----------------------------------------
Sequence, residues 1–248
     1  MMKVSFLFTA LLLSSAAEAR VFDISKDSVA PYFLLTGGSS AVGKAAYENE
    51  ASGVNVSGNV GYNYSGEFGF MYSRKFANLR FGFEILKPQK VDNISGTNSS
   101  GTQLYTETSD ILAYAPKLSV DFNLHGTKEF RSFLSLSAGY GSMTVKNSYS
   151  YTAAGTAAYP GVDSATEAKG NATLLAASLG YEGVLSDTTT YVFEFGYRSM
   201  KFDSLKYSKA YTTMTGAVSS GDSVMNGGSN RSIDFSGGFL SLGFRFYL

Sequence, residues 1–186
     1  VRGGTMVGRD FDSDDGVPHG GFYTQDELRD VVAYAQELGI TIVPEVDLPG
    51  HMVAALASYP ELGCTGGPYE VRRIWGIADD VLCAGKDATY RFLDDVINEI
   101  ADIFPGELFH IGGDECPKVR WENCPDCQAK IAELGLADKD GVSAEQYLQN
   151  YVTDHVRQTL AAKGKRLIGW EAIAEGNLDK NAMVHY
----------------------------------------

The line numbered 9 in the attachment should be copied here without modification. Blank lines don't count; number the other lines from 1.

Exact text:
    51  HMVAALASYP ELGCTGGPYE VRRIWGIADD VLCAGKDATY RFLDDVINEI